Did I try to take cover under a doorway or heavy piece of furniture? Check the boiler room or stove for leaks? Survey all or any damage? No, instead I sat quietly trembling in my dressing room and watched some poor KRON anchor-schnook (with Walter Konchrite aspirations who would be lucky to anchor the evening news for some NBC affiliate in Peoria) tell me what I already knew: an earthquake had hit the SF bay area. Of course, he informed me that it registered as a minor 4.2 quake on the Hayward Fault with its epicenter somewhere east of the bay; something I myself could not possibly confirm having lost my Richter scale during the move into our new home.
Feeling accomplished and secure in the knowledge that this thing that jolted me out of my bed was not the arrival of Armageddon , I had a brief look around. When I was satisfied that nothing was damaged (in fact, surprisingly, nothing had even been disturbed), I hobbled back to my bed, put on my blinders and earplugs and passed out until mid-morning.
Somehow when I finally arose later that morning to a bright sunny day, instead of booking the next flight out of town, I awoke hungry and felt inspired to create a mini-quake of my own for breakfast. (Welcome to the left-coast where reality is just an alternate universe and everything always seems better in the light of a beautiful dawn. Must be something in the water.)
What better way to commemorate my first true ground-shaking San Francisco experience than with a post-earthquake repast that combines the bounty of the bay area's summer produce with a cooking technique that celebrates the spirit of that quintessentially Californian force of nature that makes us shake, rattle and roll: the Hayward Fault? Can you guess what I wanted for breakfast?.... Scrambled eggs, of course! As an ode to my scrambled brains. But in true San Francisco fashion, we will gussy the eggs up a bit with seasonal local produce to give them some gourmet cache while still keeping them humble and accessible to all who can wield a cast-iron skillet with a nod to France who offers grand cuisine with liberte, egalite and fraternite (and many earth movements of the more carnal variety), I offer you:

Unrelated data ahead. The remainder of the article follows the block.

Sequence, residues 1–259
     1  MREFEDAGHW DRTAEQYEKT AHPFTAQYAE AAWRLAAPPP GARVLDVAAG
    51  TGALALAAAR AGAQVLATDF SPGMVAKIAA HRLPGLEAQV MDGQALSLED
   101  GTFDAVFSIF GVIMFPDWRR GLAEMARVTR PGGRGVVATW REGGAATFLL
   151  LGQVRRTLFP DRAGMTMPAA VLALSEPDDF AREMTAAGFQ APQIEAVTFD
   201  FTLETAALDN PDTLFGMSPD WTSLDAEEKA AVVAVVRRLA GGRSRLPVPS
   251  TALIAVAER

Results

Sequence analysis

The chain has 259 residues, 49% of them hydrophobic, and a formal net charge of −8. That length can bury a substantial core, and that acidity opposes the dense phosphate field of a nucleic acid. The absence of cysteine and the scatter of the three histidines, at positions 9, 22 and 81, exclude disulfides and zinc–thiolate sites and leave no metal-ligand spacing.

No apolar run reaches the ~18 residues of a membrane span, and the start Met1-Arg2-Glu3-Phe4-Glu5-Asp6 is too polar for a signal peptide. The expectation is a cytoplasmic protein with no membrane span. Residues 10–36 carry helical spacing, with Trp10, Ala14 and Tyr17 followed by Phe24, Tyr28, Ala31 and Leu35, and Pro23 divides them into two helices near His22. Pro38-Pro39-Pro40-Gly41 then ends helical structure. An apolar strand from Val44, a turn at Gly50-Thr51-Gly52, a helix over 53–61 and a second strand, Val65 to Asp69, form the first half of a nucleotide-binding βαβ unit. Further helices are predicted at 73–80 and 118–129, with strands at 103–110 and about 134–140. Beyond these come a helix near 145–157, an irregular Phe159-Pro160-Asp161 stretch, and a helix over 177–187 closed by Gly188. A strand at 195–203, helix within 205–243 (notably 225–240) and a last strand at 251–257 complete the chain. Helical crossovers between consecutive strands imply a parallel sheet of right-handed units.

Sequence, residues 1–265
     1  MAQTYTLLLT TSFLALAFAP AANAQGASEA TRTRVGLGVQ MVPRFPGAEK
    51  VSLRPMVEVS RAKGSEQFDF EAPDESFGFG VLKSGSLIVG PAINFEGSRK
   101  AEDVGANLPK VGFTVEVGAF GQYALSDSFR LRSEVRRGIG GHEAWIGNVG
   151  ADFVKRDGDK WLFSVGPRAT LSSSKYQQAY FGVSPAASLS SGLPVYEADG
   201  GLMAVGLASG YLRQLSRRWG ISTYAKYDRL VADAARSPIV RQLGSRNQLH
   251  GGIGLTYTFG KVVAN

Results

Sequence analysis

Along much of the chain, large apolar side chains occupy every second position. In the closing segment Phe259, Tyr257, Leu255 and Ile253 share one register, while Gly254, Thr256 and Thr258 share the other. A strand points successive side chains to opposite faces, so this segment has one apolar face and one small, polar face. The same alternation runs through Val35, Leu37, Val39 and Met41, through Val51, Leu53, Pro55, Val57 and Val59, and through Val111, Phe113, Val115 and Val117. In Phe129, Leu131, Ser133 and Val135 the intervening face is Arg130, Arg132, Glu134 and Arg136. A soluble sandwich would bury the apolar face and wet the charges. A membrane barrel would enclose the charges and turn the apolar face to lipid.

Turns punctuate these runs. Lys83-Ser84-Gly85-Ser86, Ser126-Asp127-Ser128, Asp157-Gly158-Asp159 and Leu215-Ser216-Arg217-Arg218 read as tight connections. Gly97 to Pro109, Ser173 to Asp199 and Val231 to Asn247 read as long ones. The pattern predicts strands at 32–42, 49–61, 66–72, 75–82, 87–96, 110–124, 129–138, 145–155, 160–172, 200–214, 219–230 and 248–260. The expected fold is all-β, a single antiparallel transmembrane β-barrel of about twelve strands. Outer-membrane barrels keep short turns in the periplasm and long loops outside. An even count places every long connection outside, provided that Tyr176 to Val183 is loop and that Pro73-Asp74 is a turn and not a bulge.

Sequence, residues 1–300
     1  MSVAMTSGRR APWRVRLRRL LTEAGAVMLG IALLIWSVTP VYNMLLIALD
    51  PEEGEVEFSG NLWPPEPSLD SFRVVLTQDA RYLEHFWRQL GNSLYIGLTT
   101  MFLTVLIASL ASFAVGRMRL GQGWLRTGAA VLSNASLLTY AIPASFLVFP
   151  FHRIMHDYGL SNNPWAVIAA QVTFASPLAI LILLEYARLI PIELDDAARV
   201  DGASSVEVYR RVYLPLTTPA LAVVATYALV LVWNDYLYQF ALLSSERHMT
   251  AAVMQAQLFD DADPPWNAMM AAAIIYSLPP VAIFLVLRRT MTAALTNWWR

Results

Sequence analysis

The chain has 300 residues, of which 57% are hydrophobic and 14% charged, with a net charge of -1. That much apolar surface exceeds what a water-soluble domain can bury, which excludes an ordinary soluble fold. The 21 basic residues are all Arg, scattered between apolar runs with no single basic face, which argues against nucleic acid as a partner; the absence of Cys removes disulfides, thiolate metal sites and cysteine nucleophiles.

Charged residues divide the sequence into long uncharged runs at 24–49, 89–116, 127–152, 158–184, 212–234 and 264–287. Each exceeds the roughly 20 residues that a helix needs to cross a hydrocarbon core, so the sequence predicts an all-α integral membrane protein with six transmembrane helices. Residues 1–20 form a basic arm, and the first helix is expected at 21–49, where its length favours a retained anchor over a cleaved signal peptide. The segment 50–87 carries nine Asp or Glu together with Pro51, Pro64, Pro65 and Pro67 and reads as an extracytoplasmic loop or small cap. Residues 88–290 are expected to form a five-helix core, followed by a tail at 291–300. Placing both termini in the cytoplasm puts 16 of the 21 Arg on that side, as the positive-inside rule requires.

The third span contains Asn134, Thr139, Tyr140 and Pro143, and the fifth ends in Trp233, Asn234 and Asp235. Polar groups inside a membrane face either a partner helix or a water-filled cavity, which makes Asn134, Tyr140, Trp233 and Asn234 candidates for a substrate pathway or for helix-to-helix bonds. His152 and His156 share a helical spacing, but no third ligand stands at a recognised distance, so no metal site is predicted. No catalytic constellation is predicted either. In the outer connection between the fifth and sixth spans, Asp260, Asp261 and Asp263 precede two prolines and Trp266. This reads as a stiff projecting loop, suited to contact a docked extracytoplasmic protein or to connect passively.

A spinach, shiitake mushroom, shallots and truffled chevre 4 egg frittata to be exact.
Uber-easy to make and also relatively cost efficient. Can feed four people. I myself only ate 1/4 of this and shall enjoy it for breakfast tomorrow, too. Frittatas reheat magnificently in the microwave without becoming rubbery. The frittata is the less precious cousin of the French omelette. In fact, a frittata is heartier, healthier and more satisfying than its famous cousin. As a cook, you have more margin for error. I actually prefer frittatas, I can load them up more, they are the lazy woman's open-face omelette... Eggs qua eggs have never been my favorite protein. I have never fried an egg, nor eaten a fried egg. I have only just learned to eat boiled eggs (in Nicoise salads drowning in aioli), yet I do enjoy eggs scrambled or baked as custards, something about the integrated whole of the egg appeals to me.. its transcendence from embryo to luscious meal is alchemical. Making true omelettes is an active meditation. To keep the omelette thin and crepe-like is a science more than an art. You have the heat low, keep the curds stirring slowly, evenly and constantly until the heat slowly denatures and coagulates the protein. It takes a while. Too high a heat without enough motion and the skin will wrinkle and brown.. If you like fluffier more American-style omelets, you can start out with a higher heat, stir faster to incorporate more air, then lower the heat to avoid scorching. A scorched omelette has gotten many a budding apprentice cook hit with a hot frying pan in ye olde French restaurants of yore... probably still does.